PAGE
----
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DocumentA Capitol centennial (01/01/2005)
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At 100, Capitol is showing its age
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The Minnesota State Capitol looks pretty good at the age of 100, but it is in need of some basic repairs to fix falling plaster and leaks in the roof. (MPR Photo/Marianne Combs)

St. Paul, Minn. — (AP) - Few centenarians can say they're in perfect health. On the verge of its 100th birthday, Minnesota's Capitol has its share of ailments.

Chunks of plaster are missing from the third-floor ceiling. Bare white plaster is splashed across other formerly painted areas up there. Moisture has increasingly seeped through the dome during recent rainy springs. Systems controlling air flow and humidity are in rough shape.

By Nancy Stark's estimate, it could take as much as $60 million to give the Capitol the care it needs. Stark, the executive secretary of the Capitol Areas Architectural and Planning Board, bases her estimate on a 2001 study by a consultant hired to give the building a thorough exam.

There was no chance of getting the building in tip-top shape ahead of the centennial celebration, which gets underway this month. Plastic signs scattered around the Capitol warn visitors to beware of falling plaster.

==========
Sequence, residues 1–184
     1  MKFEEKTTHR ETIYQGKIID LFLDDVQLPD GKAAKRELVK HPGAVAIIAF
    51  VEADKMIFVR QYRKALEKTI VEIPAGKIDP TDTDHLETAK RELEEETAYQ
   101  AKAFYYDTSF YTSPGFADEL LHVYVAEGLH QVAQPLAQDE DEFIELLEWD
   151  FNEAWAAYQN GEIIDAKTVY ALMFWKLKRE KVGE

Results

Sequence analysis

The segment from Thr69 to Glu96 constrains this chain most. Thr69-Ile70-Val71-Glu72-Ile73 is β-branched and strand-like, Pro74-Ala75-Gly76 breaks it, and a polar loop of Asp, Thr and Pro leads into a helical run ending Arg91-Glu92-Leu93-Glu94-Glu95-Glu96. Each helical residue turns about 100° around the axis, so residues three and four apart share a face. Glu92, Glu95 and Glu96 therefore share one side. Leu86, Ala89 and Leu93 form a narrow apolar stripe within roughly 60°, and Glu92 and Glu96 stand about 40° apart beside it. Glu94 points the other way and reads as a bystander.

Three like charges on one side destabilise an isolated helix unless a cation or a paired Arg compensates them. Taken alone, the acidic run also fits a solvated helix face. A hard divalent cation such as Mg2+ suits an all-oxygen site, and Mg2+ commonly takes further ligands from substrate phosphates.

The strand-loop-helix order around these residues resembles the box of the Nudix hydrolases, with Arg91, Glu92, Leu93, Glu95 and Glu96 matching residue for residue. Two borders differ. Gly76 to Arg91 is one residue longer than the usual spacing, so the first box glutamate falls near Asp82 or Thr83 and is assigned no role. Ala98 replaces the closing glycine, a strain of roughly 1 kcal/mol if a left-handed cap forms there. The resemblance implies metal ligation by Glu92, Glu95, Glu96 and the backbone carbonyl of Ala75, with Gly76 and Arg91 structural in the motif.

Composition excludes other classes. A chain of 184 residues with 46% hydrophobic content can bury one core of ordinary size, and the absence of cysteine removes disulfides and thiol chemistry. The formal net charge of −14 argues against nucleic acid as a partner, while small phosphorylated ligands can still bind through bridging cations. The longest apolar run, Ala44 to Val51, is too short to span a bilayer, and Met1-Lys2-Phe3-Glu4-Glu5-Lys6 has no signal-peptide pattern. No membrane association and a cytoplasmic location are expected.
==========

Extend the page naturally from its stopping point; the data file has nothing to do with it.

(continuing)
Some of the money Stark's board had sought to map out and begin significant repairs was caught up in last year's legislative stalemate.

"We're sort of idling right now," she said.

But even that would have made only a slight dent.

Stark hopes the attention on the Capitol during the centennial celebration will pay off, either through increased legislative backing for the restoration or to provide momentum for a private endowment that could be used for maintenance and repair.

Minnesota has spent $28 million on restoration projects over the past two decades. For example, the state paid $5 million in 1995 to repair the roof, said Paul Mandell, the board's senior planner.

That project alone exceeded the $4.5 million it took a century ago to erect and furnish the entire building.

Other states have been tackling major capitol renovations. In 2001, Wisconsin finished a 12-year, $143 million restoration of its statehouse. Texas planned to spend $192 million to repair and expand its building.

"If we get this completed and completely restored for $60 million they'll be getting a good deal for their money," Mandell said.

(Copyright 2004 by The Associated Press. All Rights Reserved.)

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